The number of good cause claims submitted more than doubled between the last two academic years as students complain the “No Detriment” policy should have remained in place.
The number of Good Cause claims made by University of Glasgow students more than doubled between the academic years 2019-20 and 2020-21 as the “No Detriment policy”, in place for the former, was scrapped. A Freedom of Information (FOI) request by The Glasgow Guardian showed that the number of Good Cause claims submitted by students in the academic year 2020-21 was 19,901, an increase of 11,481 compared to the previous year, which saw 8,420 claims made.
The “No Detriment” policy not being in place during the previous year likely prompted more students to turn to Good Cause claims. The Student Representative Council (SRC) called on the University to once again implement the policy as it did in the second semester of the academic year 2019-20 – when the Covid-19 pandemic began – and a petition started by a student gained over 2,500 signatures in favour of keeping the policy for the second year of the pandemic. The University said last year that the policy was not being reimplemented because assessments had been “designed in the context of the pandemic”.
The decision on Good Cause claims, which jumped most between the two years, was a decline based on “circumstances accepted but no manifest prejudice to performance”. The number of such outcomes increased more than five times over – from 113 decisions in 2019-20 to 662 in 2020-21.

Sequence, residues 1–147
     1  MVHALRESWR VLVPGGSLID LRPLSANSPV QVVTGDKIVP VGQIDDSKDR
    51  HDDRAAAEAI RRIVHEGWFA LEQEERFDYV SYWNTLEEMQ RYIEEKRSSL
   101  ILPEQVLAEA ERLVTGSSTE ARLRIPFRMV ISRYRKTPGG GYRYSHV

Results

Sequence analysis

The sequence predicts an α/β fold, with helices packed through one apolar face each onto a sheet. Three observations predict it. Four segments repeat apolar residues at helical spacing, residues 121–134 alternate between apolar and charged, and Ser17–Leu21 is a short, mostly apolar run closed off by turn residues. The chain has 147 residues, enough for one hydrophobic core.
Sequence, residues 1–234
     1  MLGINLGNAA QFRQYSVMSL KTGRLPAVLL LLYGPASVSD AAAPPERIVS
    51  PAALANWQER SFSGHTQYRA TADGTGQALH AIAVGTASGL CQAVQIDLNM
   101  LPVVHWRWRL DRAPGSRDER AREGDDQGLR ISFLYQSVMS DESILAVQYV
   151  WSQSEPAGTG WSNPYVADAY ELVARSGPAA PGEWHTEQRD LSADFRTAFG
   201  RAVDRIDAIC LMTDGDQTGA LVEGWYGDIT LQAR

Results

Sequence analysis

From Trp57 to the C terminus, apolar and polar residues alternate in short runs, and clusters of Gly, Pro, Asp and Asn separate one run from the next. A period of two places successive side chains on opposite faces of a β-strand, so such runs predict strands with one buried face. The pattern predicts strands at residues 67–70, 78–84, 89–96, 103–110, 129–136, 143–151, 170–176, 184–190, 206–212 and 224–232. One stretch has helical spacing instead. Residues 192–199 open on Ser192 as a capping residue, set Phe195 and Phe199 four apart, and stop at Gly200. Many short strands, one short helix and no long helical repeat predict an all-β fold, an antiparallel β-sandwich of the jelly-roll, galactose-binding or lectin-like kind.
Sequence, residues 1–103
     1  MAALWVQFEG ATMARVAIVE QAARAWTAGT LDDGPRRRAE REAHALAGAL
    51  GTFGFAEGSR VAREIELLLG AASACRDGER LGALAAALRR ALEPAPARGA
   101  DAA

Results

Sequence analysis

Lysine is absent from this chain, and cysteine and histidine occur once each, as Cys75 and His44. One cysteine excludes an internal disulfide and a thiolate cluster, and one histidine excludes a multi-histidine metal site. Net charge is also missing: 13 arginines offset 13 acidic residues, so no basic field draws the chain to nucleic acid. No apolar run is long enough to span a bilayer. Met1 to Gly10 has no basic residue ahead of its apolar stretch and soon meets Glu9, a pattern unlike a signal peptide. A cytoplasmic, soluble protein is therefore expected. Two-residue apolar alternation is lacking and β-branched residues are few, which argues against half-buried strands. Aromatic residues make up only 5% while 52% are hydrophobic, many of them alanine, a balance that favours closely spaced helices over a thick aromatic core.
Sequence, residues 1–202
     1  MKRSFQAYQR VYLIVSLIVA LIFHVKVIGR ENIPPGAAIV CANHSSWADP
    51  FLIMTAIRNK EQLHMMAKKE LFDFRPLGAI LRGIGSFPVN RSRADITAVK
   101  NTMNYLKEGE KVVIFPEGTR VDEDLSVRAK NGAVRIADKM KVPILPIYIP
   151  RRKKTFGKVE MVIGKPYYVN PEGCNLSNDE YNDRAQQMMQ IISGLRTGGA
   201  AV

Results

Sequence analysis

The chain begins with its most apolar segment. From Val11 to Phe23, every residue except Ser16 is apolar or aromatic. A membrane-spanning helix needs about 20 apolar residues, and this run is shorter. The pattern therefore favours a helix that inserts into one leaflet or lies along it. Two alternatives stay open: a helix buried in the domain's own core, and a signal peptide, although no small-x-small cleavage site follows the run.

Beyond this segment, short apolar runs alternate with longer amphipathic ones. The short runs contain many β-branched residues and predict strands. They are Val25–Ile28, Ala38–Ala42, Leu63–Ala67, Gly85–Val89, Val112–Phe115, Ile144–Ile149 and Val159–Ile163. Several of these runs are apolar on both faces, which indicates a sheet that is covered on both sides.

A fourth year engineering student told The Glasgow Guardian that they had two Good Cause claims rejected for these reasons in the last academic year. The first claim was made on the grounds of mental health, and despite a letter of evidence from the student’s therapist which explicitly stated the effect on the particular course, the claim was rejected for failing to demonstrate that it had “manifest prejudice to performance”. The second claim was made when the student’s learning and teaching manager informed them that one of their answer files was corrupted, and so instructed them to make a Good Cause claim.
The student appealed the mental health claim, but since it was not an exam-assessed course they were told they would have to sit the entire course again. In the two courses for which the claims were made, the student ended up with grades of D1 in both. Overall between the last two academic years, this student went from an average grade of A5 to an average grade of C1, which was “just barely enough to progress to 5th year, and scuppering any realistic hopes of a first”.
Commenting on the University’s decision not to implement “No Detriment” in the last academic year, the student told The Glasgow Guardian: “I think it was a dereliction of duty on the part of the decision makers. In spite of any rhetoric to the contrary, 2020-21 was manifestly under more trying and difficult circumstances than 2019-20. Anyone who tries to claim lecturers and students were “used to” the pandemic in 2020-21 has clearly not spoken to anyone I know about it.”
A UofG spokesperson said: “At this time of year there will be claims still to be considered by the regular autumn Exam Boards. In addition, due to staggered teaching that took place in the last session there may be extra claims still live in the system.
“We would not expect there to be any reassessment of grades for students who have graduated.”